Talking about menstruation shouldn’t be a big talk to be done at a particular age. Instead, start that conversation early and dig deeper as your child gets older. Girls and boys need reliable information about menstruation. So, be sure to talk about it with both your daughter and son! It is a topic that should not become tabu, it should be explained as something normal that occurs as part of a cycle in nature.
For example, if your 4-year-old son sees a tampon and asks what it is for, you can answer her: Women have a little blood coming out of their vagina every month. That is called menstruation (or period). It doesn’t happen to women because they’ve hurt themselves. Rather, it is the body’s way of preparing to have a baby. The tampon collects blood so it does not stain the woman’s underwear. The less mystery children are told, the more easily they will understand and see it as something that must happen when they grow up.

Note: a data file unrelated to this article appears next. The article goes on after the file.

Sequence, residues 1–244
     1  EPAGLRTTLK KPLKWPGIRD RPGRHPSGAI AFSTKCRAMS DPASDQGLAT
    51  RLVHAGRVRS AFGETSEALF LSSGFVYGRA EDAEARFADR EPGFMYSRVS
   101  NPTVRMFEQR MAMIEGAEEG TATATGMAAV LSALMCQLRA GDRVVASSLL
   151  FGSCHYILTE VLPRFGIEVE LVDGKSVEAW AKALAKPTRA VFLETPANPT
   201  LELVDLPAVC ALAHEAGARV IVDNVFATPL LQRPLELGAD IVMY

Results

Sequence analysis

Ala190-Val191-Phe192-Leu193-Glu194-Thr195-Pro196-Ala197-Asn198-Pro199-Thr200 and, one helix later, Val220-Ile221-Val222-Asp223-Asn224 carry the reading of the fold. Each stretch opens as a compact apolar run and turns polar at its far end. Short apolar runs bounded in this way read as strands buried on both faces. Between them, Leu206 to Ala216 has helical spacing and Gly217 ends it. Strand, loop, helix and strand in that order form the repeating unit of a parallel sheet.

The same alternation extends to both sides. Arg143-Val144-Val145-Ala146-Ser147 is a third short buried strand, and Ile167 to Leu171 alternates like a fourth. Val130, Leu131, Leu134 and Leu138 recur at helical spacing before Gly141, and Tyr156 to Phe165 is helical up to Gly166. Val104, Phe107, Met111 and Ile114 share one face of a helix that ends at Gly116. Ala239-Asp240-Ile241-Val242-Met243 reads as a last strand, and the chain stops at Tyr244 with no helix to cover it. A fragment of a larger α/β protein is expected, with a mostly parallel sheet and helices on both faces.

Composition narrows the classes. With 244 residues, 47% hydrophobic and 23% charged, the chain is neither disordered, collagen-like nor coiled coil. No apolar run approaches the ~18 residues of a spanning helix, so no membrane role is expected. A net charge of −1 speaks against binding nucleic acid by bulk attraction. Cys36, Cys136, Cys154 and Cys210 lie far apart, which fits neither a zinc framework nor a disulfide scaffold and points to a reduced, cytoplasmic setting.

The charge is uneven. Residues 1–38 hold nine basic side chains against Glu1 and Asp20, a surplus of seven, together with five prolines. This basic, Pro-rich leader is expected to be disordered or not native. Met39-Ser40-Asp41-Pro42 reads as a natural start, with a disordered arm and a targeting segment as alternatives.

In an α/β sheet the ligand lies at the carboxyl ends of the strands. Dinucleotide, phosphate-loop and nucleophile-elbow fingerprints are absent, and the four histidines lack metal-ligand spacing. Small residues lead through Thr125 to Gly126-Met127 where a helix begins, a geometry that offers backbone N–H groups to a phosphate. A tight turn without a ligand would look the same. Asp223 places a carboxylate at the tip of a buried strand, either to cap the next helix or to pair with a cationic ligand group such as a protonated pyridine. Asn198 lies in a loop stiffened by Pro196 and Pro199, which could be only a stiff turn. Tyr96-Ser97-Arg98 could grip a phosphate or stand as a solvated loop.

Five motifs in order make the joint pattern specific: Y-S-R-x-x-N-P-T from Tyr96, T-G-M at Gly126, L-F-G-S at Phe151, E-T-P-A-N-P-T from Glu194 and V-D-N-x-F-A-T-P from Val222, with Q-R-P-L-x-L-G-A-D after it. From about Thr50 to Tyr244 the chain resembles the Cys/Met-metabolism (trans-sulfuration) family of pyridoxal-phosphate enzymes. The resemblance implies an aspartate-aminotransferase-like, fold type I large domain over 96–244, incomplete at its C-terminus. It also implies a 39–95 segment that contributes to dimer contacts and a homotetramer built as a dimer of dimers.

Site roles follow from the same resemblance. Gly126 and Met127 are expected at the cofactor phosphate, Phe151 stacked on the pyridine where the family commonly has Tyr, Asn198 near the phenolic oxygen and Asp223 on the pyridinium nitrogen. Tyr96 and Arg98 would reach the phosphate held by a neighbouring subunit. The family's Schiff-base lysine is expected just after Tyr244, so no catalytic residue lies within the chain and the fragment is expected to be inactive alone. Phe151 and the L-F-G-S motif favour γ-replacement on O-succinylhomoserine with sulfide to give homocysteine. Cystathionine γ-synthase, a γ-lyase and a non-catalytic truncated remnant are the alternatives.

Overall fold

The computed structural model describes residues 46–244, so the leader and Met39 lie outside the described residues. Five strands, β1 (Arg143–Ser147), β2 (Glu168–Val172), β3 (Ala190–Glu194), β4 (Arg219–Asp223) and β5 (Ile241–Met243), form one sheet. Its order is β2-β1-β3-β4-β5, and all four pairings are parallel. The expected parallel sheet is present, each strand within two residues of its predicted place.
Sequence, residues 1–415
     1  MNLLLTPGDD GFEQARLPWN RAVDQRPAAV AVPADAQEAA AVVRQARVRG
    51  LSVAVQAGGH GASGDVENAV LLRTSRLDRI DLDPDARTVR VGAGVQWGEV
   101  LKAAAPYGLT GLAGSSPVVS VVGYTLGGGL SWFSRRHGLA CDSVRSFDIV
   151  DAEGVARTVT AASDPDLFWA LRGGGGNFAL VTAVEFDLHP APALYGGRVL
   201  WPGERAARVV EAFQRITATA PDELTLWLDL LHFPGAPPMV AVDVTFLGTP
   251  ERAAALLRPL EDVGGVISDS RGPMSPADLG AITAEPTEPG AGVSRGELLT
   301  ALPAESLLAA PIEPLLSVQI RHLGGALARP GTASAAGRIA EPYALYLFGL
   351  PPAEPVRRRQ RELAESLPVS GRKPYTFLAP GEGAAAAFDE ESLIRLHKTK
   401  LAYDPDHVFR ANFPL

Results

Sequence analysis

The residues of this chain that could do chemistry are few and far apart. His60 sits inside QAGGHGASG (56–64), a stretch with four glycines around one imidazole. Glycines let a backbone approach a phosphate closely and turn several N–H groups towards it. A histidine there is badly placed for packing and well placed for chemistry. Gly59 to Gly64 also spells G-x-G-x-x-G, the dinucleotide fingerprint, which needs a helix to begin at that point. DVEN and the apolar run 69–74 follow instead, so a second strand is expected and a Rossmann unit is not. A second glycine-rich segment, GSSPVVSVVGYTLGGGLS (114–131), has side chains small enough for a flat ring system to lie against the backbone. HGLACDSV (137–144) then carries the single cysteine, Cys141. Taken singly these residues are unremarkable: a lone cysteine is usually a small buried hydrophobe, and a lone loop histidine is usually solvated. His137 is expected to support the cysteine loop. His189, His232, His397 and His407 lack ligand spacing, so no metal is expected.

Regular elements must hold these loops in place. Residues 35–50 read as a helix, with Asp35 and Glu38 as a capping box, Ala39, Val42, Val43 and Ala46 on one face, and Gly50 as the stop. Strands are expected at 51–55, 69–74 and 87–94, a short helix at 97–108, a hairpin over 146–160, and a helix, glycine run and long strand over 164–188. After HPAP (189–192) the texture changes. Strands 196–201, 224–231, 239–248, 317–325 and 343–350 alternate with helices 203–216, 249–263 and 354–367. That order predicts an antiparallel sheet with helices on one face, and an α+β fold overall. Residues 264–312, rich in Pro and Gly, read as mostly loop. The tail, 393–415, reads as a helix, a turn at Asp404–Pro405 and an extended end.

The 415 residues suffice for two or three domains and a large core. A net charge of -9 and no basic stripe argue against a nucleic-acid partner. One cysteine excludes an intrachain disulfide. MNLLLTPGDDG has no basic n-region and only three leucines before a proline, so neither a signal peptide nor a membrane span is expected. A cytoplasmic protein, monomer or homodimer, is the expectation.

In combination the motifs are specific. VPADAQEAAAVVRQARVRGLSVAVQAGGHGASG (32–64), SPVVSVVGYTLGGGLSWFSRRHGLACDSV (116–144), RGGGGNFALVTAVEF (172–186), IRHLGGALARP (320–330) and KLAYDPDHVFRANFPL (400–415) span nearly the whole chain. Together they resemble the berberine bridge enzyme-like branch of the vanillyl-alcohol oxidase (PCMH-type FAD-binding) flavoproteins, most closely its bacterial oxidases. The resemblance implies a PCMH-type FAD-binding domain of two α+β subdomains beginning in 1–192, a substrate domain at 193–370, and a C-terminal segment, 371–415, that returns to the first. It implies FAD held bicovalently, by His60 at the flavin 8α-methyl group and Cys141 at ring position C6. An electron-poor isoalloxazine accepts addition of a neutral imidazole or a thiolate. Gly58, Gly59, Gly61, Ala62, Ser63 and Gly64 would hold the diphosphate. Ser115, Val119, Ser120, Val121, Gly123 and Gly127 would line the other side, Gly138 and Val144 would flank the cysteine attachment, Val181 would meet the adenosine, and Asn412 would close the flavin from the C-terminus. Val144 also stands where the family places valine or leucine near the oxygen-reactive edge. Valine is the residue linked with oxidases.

Remember to find a safe and casual space to talk about it with your children, some situations in which the conversation can be born naturally are: if your children see you buying tampons or pads and ask what they are for, if your children ask you about where babies are born or if your children ask you about puberty and what happens when they grow up and their bodies change.
In those situations, ask your child if she knows anything about menstruation. Then, you will be able to share fundamental information on this topic with him, such as the following: When a girl develops and becomes a woman, her body changes and she could have a baby. The interior of the woman’s body is prepared so that there is a place where the baby can grow. The place where babies grow is called the uterus. Every month, the walls of the uterus prepare for the arrival of a baby. If there is no baby, the walls of the uterus come off and bleed a little. Blood leaves the woman’s body through the vagina. The body makes a new wall in the womb every month, so that in the event that there is a baby, it has a good place to be.